In my previous matches I’ve figured that our robot starts to curve slightly towards the left after a considerable distance. Is there any way I could fix this issue in the code?

How would that concept apply to 4 wheel drives though?

did you read the rodotc article? which way is your root turning?

The robotc article only adds the error to the slower wheel and subtracts the error from the faster wheel, but it wouldn’t work with 4 wheels because each wheel would be turning at a different speed.

If you didn’t know, both wheels on either side of a four-wheel drive spin at the same speed. So the RobotC article still applies.

or you could just change the speed of one of the wheels slightly…

ok thanks for the clarification!

You would compute the error between the leading wheel every other wheel individually and find the correction required for each wheel.

pseudocode:

while(not at target) {

errorWheel2 = wheel1 - wheel2;

errorWheel3 = wheel1 - wheel3;

errorWheel4 = wheel1 - wheel4;

//do the computation for the integral and derivative here for each wheel

speedWheel1 = speed;

speedWheel2 = speed + kP * errorWheel2 + kI * integralWheel2 + kD * derivativeWheel2;

speedWheel3 = speed + kP*errorWheel3 + kI * integralWheel3 + kD * derivativeWheel3;
speedWheel4 = speed + kP * errorWheel4 + kI*integralWheel4 + kD * derivativeWheel4;

lastErrorWheel2 = errorWheel2;

lastErrorWheel3 = errorWheel4;

lastErrorWheel4 = errorWheel4;

}

How would you include this to driving to a target?

Also, why are the integral and derivative components included when you are just correcting the bot to a straight line?

If you wanted to drive to an absolute target you would need to keep track of your robot’s position using motion tracking. There are plenty of great resources for that on this website.

In order to have the best corrective abilities, you should use a PID loop (proportion, integral, and derivative). Using only the proportion to correct is known as proportion only control (P loop). This may work for a simple application such as driving straight but in general if you want to be as consistent as possible you should stick with a PID loop. The exact specifics are complicated but a PID is able to leverage the instantaneous change between adjaent loop which allows for another degree of correction.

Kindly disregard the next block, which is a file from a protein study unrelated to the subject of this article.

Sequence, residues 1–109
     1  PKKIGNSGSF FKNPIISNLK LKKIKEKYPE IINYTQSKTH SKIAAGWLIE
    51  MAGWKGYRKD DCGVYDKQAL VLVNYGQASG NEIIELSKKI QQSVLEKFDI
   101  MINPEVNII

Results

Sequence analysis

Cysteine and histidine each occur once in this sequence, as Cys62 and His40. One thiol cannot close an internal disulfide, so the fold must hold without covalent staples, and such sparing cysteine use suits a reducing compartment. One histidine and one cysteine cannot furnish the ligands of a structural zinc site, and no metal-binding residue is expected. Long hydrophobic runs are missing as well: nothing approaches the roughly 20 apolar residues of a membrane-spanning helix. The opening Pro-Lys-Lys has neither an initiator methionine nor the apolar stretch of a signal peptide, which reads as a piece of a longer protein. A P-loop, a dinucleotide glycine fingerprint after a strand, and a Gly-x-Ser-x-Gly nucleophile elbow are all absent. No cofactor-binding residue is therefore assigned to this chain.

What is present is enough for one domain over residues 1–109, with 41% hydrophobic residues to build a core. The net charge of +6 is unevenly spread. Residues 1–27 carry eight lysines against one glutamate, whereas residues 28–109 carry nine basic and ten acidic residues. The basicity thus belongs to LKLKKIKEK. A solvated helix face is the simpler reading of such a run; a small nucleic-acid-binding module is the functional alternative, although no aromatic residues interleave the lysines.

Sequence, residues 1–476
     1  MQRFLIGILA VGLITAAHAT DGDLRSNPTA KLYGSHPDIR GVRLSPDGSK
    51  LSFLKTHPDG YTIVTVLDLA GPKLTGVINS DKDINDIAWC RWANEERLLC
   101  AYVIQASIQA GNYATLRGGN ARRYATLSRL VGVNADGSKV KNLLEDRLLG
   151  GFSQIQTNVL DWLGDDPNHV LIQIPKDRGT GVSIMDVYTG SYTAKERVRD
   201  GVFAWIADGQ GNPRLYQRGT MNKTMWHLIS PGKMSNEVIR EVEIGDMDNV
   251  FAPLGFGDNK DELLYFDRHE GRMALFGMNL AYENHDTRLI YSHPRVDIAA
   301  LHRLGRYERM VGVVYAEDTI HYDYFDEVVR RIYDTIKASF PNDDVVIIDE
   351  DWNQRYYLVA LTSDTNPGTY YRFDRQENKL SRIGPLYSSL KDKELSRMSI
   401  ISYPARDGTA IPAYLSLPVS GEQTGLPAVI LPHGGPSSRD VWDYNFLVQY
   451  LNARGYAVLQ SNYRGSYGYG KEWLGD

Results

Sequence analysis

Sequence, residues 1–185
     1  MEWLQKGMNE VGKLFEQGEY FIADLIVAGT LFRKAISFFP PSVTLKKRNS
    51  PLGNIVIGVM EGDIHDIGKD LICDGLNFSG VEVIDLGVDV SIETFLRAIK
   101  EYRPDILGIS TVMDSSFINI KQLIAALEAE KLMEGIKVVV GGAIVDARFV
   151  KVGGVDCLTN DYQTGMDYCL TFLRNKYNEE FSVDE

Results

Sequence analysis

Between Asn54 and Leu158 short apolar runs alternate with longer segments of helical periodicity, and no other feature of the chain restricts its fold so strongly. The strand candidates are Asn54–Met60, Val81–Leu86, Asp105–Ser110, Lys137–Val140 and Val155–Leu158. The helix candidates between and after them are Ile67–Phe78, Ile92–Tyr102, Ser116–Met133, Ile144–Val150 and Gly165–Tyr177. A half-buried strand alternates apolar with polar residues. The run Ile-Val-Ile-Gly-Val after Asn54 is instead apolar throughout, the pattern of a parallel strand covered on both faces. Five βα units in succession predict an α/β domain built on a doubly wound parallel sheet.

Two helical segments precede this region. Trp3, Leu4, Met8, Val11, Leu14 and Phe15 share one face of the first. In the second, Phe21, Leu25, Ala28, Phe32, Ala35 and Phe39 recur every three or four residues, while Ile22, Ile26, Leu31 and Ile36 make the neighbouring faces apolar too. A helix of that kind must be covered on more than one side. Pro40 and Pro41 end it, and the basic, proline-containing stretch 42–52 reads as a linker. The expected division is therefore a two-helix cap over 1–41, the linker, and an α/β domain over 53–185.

Sample code for PID in vex: A PID controller in RobotC

So if I were to include the driving straight “algorithm” will I have to use separate errors, integrals, and derivatives to calculate the main power (master motor)?

You need to have an error, integral, derivative and last derivative for each of the wheels being tracked (12 values in total).

In a 4 wheel drive there is a single motor going at a set speed and the other wheels will be adjusted to match that motor. This means there is no “main power” but 3 seprate velocites that have to be calculated for each wheel other than the leading wheel.

This is the formula for PID expression. The ∫ symbol means the integral and de/dt is the derivative. You need to calculate this expression and then add it to the target speed of each wheel.

ex:

speedWheel3 = speed + kP *errorWheel3 + kI * integralWheel3 + kD * derivativeWheel3;*

note: Make sure that the speed is below sufficiently below 100% since the motors may not be able to correct if all the wheels are going full speed.

If you are using pros I believe there is already a library called okapilib with PID control built in if you are having trouble wrapping your head around how to do it from scratch. I don’t have much experience with pros, but i’m sure that someone else on the forum could help you get that set up.

So will I have to calculate the velocity errors and distance errors (error relative to target point) for each wheel?

The error in this particular case is the difference between the encoder readings (distance traveled) between the leading and following wheels. I don’t exactly understand what you mean by error relative to target point since this entire process is just to travel a certain distance and maintain a constant heading. (move in a straight line)

If the robot is trying to reach a certain point, there would be a PID loop adjusting the power of the wheels according to the distance to the target (error). However, to make sure the robot is driving in the correct direction, the robot would have to drive in a straight line to prevent going off track.

So, to solve these problems, would it require 2 PID loops - slowing down/speeding up according to robot’s distance to target point & driving in a straight line?

Take a look at these threads…

And

@JD6 and @Micah_7157X based their pid code off a tutorial @Connor made. It has turn pid in the drive pid which if set to zero should make it a driv straight pid.

If your intention is to drive straight your error is the encoderValue of the leading wheel minus the encoder value of the following wheel. The distance traveled is the exit condition for the PID. You will drive straight using PID until the wheel has traveled the required number of rotations.